Zhang Xianliang: Recensions of the Self
The writings of Zhang Xianliang (b.1936) present an important case study for tracing the interplay of memory, voice and self-reflection in the first decades of the People’s Republic of China (PRC). As Zhang moves between diary, short story and novel, at times rewriting earlier episodes from his own life in expanded form, at times re/presenting an episode in different form and blurring the boundaries between biography and fiction, he deliberately explores the bounds of self in self-expression. Some aspects of the process of Zhang’s self-inscription are universal; others are much more darkly representative of a particular social experience. This chapter considers how these two facets — the writtenness of the self and the interposition of the state in its formation — combine as Zhang writes and rewrites his life. Zhang’s work has been the subject of various studies, including social, psychological and political readings, but none has focused on the fine interplay between diary and novel forms in his life writing. The methodology is drawn from the texts: the chapter follows Zhang’s hermeneutical lead in making no attempt to separate out fictional and real versions of the narrated selves. It weaves between the diaries and novels under discussion and glides over the question of whether a given character is to be read as the author or a fictional being. If biography is the history of an individual’s life, then to understand the concept of self in authorial fiction, Zhang’s work suggests, we need to read across and between the entire oeuvre.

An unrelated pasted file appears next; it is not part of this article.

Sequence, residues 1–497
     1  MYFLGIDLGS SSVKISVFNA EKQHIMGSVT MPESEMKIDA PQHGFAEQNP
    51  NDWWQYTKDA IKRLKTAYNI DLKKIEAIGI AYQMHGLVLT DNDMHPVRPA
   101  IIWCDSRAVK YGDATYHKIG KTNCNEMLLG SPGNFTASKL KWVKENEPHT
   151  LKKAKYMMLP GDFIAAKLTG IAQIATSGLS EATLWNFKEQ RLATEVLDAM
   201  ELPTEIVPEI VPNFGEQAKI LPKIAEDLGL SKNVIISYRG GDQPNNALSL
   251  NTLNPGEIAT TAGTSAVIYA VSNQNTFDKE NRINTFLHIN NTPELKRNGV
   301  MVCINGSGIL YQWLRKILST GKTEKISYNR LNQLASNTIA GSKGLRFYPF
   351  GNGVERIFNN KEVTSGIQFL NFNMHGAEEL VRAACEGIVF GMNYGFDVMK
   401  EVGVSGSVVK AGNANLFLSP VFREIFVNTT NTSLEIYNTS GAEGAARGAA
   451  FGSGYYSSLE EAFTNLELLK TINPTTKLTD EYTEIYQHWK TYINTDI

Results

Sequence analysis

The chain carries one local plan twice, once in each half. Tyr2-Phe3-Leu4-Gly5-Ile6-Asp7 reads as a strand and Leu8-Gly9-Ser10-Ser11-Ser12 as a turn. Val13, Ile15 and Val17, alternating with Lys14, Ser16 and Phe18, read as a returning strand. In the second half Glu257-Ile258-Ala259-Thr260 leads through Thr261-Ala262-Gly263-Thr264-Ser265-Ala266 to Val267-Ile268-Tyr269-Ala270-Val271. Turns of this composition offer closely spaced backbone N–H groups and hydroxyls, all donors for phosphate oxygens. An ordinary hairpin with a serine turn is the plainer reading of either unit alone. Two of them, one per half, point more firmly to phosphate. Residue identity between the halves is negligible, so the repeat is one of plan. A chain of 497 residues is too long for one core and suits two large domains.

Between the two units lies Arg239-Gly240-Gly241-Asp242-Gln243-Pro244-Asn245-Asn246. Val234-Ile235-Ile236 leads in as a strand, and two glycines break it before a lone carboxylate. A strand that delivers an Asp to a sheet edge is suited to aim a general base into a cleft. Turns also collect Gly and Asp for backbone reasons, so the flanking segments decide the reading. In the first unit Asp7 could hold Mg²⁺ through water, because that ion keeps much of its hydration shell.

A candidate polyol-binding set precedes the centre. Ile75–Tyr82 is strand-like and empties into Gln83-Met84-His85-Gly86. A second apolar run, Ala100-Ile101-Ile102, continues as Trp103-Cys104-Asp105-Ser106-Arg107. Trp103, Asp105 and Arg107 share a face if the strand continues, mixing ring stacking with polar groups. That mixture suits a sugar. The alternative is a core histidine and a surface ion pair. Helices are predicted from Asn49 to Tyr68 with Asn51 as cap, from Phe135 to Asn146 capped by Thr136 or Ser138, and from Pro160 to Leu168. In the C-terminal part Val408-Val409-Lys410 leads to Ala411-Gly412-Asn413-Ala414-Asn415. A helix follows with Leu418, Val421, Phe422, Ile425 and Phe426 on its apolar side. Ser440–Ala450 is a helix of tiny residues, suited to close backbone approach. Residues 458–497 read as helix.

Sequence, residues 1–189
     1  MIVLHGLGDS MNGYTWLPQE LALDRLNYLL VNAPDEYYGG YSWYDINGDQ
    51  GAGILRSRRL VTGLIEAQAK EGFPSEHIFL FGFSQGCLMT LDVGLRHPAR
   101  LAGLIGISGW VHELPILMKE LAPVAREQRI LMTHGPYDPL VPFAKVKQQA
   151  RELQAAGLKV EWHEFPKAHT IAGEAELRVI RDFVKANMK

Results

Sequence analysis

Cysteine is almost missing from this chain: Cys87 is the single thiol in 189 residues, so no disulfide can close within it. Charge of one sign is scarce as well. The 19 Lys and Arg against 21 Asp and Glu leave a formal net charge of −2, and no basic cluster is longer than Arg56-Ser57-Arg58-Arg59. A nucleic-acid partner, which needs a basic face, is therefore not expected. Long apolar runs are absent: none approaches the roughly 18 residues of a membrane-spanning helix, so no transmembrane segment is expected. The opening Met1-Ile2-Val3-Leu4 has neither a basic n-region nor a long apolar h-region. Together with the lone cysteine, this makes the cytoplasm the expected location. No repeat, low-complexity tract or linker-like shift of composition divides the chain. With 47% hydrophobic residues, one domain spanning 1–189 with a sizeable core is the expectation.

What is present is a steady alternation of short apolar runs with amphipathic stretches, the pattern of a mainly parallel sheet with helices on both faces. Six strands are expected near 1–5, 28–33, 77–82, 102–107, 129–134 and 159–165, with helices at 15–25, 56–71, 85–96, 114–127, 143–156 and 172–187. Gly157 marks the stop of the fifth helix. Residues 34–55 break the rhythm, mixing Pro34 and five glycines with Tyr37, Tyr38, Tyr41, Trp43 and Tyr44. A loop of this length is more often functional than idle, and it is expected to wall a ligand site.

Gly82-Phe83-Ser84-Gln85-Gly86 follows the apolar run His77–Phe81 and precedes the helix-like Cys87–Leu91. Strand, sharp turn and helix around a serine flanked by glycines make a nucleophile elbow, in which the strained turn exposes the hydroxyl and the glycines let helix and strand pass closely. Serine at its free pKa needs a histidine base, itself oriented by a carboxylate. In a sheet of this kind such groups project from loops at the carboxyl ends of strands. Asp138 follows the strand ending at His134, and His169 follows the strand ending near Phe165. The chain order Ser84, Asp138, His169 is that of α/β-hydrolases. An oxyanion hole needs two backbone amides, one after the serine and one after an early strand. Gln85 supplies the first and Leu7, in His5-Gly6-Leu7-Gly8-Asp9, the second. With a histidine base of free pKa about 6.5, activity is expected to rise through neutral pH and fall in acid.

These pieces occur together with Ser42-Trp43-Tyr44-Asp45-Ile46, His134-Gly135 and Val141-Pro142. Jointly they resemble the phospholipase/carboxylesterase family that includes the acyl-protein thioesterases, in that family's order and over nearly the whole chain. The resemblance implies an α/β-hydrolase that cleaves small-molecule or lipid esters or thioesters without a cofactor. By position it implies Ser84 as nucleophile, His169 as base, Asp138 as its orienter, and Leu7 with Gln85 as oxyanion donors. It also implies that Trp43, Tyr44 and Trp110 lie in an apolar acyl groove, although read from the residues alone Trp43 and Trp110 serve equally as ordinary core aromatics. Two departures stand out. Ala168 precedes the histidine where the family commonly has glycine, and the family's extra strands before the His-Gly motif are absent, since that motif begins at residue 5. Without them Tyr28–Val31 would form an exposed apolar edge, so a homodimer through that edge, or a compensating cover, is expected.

KeywordsShort Story Chinese Writer Labour Reform Collective Acceptance Private Thought
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